06 March 2015

Storage accounting revisited?

One of the basic features of containers - a thing which can contain something - is that you can see how full it is. If your container happens to be a grid storage element, monitoring information is available in gstat and in our status dashboard. The BDII information system publishes data, and so does the SRM (the storage element control interface), and the larger experiments at least track how much they write.

So what happens if all these measures don't agree?  We had a ticket against RAL querying why the BDII published different values from what the experiment thought they had written. It turned out to be partly because someone was attempting to count used space by space token, which leads to quite the wrong results:
Leaving aside whether these should be the correct mappings for ATLAS, the space tokens on the left do not map one-to-one to the actual storage areas (SAs) in the middle (and in general there are SAs without space tokens pointing to them). Note also that the SAs split the accounting data of the disk pools (online storage) so that the sum of the values are the same -- to avoid double counting.

The other reason for the discrepancy was the treatment of read-only servers: these are published as used space by the SRM, but not by the BDII. This is because the BDII is required to be compliant with the installed capacity agreement from a working group from 2008. The document says on p.33,
TotalOnlineSize (in GB=109) is the total online [..] size available at a given moment (it SHOULD not [sic] include broken disk servers, draining pools, etc.)
RAL uses read only disk pools essentially like draining disk pools (unlike tapes, where a read only tape is perfectly readable), so read only disk pools do not count in the total -- they do, however, count as "reserved" as specified in the same document (the GLUE schema probably intended reserved to be more like SRM's reserved, but the WLCG document interprets the field as "allocated somewhere."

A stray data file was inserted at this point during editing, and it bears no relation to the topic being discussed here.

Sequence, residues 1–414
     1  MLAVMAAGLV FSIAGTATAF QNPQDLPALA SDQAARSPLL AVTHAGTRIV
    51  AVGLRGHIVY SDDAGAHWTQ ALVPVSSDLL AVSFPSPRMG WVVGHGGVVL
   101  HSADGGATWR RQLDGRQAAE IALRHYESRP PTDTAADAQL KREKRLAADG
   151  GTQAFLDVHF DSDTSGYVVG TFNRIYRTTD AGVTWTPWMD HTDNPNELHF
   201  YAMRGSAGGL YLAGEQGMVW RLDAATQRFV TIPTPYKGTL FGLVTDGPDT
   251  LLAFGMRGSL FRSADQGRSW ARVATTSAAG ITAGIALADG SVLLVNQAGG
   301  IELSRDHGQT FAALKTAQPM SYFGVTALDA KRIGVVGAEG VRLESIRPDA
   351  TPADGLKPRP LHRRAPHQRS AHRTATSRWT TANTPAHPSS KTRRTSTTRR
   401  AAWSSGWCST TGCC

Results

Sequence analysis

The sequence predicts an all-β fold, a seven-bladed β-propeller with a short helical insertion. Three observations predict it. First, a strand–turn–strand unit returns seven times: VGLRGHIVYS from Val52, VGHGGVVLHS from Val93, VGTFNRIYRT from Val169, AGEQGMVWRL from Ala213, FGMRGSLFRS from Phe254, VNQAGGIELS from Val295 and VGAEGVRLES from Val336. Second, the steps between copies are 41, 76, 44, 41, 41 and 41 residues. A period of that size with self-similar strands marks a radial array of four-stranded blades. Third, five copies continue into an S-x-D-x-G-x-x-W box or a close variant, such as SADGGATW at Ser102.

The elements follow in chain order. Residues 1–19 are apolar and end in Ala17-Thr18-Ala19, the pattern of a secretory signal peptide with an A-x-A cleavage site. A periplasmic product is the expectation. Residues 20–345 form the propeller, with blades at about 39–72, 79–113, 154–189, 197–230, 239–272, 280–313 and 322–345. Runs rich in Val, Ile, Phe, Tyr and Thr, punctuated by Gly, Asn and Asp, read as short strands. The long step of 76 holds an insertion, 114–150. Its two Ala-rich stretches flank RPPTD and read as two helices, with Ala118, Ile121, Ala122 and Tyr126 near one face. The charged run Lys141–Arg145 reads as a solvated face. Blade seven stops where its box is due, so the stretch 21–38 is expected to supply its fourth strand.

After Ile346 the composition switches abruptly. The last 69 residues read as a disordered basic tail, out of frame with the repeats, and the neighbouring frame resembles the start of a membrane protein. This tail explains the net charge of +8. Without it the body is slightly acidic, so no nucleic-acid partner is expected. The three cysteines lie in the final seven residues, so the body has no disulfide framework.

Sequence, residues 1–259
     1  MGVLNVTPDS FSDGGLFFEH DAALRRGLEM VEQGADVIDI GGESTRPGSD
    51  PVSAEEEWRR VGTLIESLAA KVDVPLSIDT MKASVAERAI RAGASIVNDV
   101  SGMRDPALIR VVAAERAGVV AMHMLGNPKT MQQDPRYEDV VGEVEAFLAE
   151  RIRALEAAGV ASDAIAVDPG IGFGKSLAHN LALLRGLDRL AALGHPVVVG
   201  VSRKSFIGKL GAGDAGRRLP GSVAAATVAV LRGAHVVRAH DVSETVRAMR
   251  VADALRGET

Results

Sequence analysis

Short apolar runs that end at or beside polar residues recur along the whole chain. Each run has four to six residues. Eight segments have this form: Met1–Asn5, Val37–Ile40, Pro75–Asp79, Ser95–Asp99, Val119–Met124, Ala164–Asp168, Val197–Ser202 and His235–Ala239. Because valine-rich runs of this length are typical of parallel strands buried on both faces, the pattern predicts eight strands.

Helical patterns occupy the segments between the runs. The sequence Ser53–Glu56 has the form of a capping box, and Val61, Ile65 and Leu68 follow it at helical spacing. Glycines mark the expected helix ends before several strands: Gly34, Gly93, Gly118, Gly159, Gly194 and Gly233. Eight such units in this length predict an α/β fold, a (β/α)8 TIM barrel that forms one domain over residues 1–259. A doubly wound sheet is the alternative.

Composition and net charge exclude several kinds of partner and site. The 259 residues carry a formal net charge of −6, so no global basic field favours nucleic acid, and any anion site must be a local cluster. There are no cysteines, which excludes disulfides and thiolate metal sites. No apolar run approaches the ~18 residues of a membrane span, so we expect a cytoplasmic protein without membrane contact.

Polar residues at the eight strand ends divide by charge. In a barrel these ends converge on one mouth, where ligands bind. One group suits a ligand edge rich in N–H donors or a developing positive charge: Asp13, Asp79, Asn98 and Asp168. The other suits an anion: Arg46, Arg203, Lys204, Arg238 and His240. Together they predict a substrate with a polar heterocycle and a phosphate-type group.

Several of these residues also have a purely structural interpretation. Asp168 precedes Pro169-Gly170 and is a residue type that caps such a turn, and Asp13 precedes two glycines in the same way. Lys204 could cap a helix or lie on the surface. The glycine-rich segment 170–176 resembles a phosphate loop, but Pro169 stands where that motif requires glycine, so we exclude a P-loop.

Interestingly, RAL does not comply with the installed capacity document in publishing UseddOnlineSize for tape areas. The document specifies
UsedOnlineSize (in GB=109 bytes) is the space occupied by available and accessible files that are not candidates for garbage collection.
It then kind of contradicts itself in the same paragraph, saying
For CASTOR, since all files in T1D0 are candidates for garbage collection, it has been agreed that in this case UsedOnlineSize is equal to [..] TotalOnlineSize.
If we published like this, the used online size would always equal the total size, and the free size would always be zero (because the document also requires that used and free sum to total -- which doesn't always make sense either, but that is a different story.)

OK, so what might we have learnt today about storage accounting?

  1. Storage accounting is always tricky: there are all sorts of funny boundary cases, like candidates for deletion, temporary replicas, scratch space, etc.
  2. Aggregating accounting data across sites only makes sense if they all publish in the same way: they use the same attributes for the same types of values, etc. However, the supported storage elements all vary somewhat in how they treat storage internally.
  3. Before making use of the numbers, it is useful to have some sort of understanding of how they are generated (what do space tokens do? if numbers are the same for two SAs, is it because they are counting the same area twice, or because they split it 50/50? Implementers should document this and keep the documentation up to date!)
  4. There should probably be a time to review these agreements - what is the use of publishing information if it does not tell people what they want to know?
  5. Storage accounting is non-trivial... getting it right vs useful vs achievable is a bit of a balancing act.

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